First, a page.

A New Zealand first project of getting young people into work just took a big leap forward with the launch of the Kapiti Youth Passport to Employment initiative.
A group of 40 employers, education providers and community networks met to launch the project which aims primarily to provide young Kapiti school leavers a Youth Passport to Employment.
A lack of co-ordination between providers along with skepticism by employers that young people seeking jobs were not work ready were identified as serious hurdles for young people gaining employment on the Kapiti Coast.
A project team (The Youth Pathways to Employment Strategy Group) was formed and has been working since then to forge an inclusive partnership between businesses in the region, the council, education providers and central government agencies to provide a framework for managing employment pipelines and pathways.
Ann Verboeket – Chair of that Strategy group said the challenge was to make something happen.
"As employers have said, they want less talk – more action. It has been a long but inclusive process and the Youth Passport is the first cab off the rank."
Ms Verboeket said the group made good on their promise to bring a collaborative approach to strategies which would assist employers and be uniquely Kapiti. The Kapiti Youth Employment Strategy Group announced a new partnership with SKILLS and launched a Youth Passport to Work booklet that will serve as a practical guide for job seekers and employers.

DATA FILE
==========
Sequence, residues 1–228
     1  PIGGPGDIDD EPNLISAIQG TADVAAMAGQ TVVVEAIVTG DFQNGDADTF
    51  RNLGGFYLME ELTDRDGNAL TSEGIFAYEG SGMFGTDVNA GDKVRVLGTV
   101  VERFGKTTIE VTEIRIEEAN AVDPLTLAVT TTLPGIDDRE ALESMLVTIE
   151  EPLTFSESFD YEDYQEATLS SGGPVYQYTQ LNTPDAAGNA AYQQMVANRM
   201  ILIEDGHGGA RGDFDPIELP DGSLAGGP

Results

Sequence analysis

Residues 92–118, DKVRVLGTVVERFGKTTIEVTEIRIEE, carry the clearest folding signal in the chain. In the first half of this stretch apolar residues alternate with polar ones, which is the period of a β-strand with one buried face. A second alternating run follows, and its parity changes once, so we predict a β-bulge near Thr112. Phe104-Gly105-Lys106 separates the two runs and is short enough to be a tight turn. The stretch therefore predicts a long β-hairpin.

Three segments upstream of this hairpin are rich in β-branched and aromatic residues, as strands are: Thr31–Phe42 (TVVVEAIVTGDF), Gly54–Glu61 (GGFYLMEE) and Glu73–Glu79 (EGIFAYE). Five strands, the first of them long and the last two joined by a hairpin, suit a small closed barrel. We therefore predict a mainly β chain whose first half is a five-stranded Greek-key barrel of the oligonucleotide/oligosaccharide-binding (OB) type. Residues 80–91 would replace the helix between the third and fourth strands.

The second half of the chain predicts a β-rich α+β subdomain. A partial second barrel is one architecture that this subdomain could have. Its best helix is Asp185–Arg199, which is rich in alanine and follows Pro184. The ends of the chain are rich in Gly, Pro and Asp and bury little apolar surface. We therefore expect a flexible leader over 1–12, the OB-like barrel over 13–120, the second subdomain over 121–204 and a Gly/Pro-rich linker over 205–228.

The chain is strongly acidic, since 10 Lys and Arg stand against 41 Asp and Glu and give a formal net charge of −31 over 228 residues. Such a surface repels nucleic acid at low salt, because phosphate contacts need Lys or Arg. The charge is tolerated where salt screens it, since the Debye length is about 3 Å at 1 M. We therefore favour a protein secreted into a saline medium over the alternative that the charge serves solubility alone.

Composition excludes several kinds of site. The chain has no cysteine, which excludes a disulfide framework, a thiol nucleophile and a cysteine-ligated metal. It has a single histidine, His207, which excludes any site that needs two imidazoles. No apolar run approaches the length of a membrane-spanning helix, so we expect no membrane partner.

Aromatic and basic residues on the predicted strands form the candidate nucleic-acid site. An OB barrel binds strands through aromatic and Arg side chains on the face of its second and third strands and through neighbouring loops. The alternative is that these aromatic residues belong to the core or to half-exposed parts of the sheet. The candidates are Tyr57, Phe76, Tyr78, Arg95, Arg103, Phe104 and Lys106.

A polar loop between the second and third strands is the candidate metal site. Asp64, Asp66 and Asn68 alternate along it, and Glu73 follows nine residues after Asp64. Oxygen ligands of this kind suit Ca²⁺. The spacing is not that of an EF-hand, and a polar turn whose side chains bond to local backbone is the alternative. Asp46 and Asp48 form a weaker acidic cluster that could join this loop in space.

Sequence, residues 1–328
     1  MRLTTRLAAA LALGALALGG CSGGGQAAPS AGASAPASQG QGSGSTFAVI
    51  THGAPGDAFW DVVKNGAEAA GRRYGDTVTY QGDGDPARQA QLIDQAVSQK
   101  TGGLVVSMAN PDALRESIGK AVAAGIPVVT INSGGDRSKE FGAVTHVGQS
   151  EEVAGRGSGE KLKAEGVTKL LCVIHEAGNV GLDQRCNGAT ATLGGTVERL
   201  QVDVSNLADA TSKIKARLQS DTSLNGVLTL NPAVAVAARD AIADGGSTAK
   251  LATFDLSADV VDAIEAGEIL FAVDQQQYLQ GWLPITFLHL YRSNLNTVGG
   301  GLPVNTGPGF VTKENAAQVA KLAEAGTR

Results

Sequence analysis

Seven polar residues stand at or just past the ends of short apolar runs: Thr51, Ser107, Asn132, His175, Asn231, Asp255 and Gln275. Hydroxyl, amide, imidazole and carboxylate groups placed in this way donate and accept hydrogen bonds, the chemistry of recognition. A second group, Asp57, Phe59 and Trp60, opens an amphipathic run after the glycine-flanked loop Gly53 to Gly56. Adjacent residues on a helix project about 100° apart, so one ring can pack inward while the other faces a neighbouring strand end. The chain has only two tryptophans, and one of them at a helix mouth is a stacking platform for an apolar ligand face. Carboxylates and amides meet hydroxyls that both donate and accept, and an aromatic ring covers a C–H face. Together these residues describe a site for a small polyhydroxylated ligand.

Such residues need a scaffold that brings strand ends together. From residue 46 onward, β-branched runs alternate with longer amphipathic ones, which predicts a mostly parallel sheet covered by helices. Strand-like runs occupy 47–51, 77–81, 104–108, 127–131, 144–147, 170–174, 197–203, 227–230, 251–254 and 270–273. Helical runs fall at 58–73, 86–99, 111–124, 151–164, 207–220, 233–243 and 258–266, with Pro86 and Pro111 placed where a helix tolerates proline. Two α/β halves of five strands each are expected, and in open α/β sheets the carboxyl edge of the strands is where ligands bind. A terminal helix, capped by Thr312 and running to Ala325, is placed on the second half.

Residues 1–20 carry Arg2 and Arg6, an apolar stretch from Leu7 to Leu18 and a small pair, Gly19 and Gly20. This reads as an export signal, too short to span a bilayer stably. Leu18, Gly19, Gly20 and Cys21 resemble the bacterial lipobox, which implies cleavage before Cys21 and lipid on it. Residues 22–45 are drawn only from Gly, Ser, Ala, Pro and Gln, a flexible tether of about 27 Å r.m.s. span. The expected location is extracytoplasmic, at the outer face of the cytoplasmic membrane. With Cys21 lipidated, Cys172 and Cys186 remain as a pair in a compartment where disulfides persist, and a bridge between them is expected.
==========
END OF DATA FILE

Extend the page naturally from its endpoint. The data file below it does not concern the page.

"Think of it like a Drivers License – with a number of tasks that have to be completed, assessed and signed off. These tasks have been carefully assessed against national and international employer focused guidelines and include skills that can be acquired or tasks that can be taught over a period of time and signed off either by educators, community organisations, colleges – or a combination of all."
The next major launch will be the formation of a Foundation under the umbrella of the Kapiti Coast Chamber of Commerce. The Foundation panel is likely to be made up of five people (two education and three employers) who will meet three times each year to assess and support youth applying for the passport.
Ms Verboeket said The Youth Passport is just the beginning – "it's a tool to support a journey – an excellent way for employers to reduce risk and have confidence in their choices."